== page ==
CHANGE THE DATE
Recent News & Announcements
In November, voters will decide whether to move city elections from March and May to August and November. If the referendum passes, the change will be implemented starting with the 2020 election cycle.
On Monday, the City Commission selected a procedure for potentially transitioning to a new election date. The city is holding a November referendum on moving election dates after the Decide the Date group gathered more than 4,700 signatures to get the proposal on the ballot.read more
If Sarasota voters approve a shift in the election schedule within the city, sitting commissioners will have 18 months added onto their terms. Leaders on Monday night, whether they favored a switch to November elections or not, voted 3-2 that the best way forward meant adding more than a year to their own terms. “If approved by voters, you should just get on with it,” says City Attorney Robert Fournier. “This would eliminate any spring elections after the change was approved.”
A switch away from elections in spring of odd-numbered years to contests in fall of even-numbered years has long proved contentious in Sarasota, and city commissioners on multiple occasions in recent years declined the chance to put the measure up for vote. But this year, the Decide the Date political committee successfully gathered petitions from 4,732 city voters, 27 percent more than required to put a charter amendment on the ballot for vote. Commissioners have now scheduled a referendum to appear on the Nov. 6 ballot.read more
The city is obligated to place a referendum on the November ballot about moving the city’s election dates, but first, it must make a series of decisions related to the potential change.
The referendum will ask voters whether the city should move its elections from March and May of odd-numbered years to August and November of even-numbered years. The Decide the Date campaign gathered more than 4,700 signatures to send the proposal to voters.read more
On June 18, City Commission scheduled to get first look at draft ordinance for November referendum on changing dates of city elections
On June 18, the Sarasota City Commission is scheduled to review the draft of an ordinance that will set in motion a Nov. 6 referendum on whether citizens wish to change the dates of the city elections.
On a June 4 motion by Commissioner Willie Shaw, seconded by Commissioner Shelli Freeland Eddie, the board accepted the report of representatives of the organization Decide the Date Sarasota, which conducted a petition drive to get the proposed measure on the General Election ballot this year.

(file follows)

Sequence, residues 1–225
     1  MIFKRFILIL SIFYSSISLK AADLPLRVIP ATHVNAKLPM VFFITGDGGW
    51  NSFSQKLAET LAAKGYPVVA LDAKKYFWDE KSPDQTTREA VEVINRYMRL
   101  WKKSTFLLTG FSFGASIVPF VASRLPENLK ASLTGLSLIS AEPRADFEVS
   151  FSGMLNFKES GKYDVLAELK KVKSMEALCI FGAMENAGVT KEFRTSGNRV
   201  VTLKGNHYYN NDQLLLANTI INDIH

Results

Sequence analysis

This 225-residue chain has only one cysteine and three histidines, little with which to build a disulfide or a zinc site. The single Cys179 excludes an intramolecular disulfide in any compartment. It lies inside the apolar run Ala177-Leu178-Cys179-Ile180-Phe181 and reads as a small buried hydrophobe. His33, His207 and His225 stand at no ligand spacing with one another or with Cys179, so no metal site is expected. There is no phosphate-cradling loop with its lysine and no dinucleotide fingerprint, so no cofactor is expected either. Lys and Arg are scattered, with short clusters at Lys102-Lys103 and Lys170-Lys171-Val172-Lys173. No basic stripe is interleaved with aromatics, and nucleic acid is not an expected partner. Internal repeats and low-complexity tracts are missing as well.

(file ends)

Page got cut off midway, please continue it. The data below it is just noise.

Commissioner Hagen Brody offered plaudits to the Decide the Date leaders, saying they “really are doing something good for our community.”
He added that he hopes the initiative will lead to greater voter participation.read more
SARASOTA — Shifting Sarasota’s spring City Commission elections to the fall could temporarily extend commissioners’ terms by more than a year.
The City Commission will have several options to phase in new election dates that could temporarily extend commission terms by 18 months should voters in November choose to change the dates of city elections from March and May of odd years to August and November of even years to coincide with with federal, state, county and district elections. Decide the Date, a local campaign that launched a petition last year advocating for the change, collected 4,732 signatures — 996 more than the required 3,736 signatures — needed to put the issue before voters on Nov. 6. The referendum will ask voters whether they support moving city elections.read more
City Commission to discuss successful petition drive calling for referendum on changing city election cycle
On the evening of June 4, the Sarasota city commissioners are scheduled to make their formal decision about letting citizens decide when future city elections will be conducted.
On May 18, Decide the Date Sarasota — which describes itself as “a grassroots, bipartisan petition campaign” — announced that “it had succeeded in collecting the required number of petitions to ask city voters, on a November referendum ballot, whether they desire to change the date of City Commission elections to coincide with federal, state, county, and district elections.”read more
Since a Sarasota campaign gathered enough signatures to put the “Decide The Date” referendum on the November ballot, city voters soon will make a critical decision that could alter the dynamic of local elections. Frankly, it’s about time this contentious issue appeared as a referendum so the two sides can settle a long-time debate. We can expect each camp to offer emotional appeals about voter suppression and making it more expensive to run. But the core principle at stake boils down to one data point: Turnout.read more
The Sarasota City Commission now has 4,732 reasons to enable voters to decide whether to change their voting schedule.
Decide the Date Sarasota, a campaign that has support from the political left and right, gathered that many certified petitions — 996 more than required — calling for a referendum on the city’s stand-alone elections.read more
City of Sarasota voters will choose this November whether to move City Commission elections to coincide with federal, state, county and district elections.read more
Backed by the support of more than 4,700 residents, a referendum on moving city elections is set to appear on the ballot in November.
The Decide the Date campaign announced today it has collected enough signatures for the referendum to move ahead. Decide the Date, which launched in December, formed in an effort to move municipal elections from March and May of odd-numbered years to August and November of even-numbered years.read more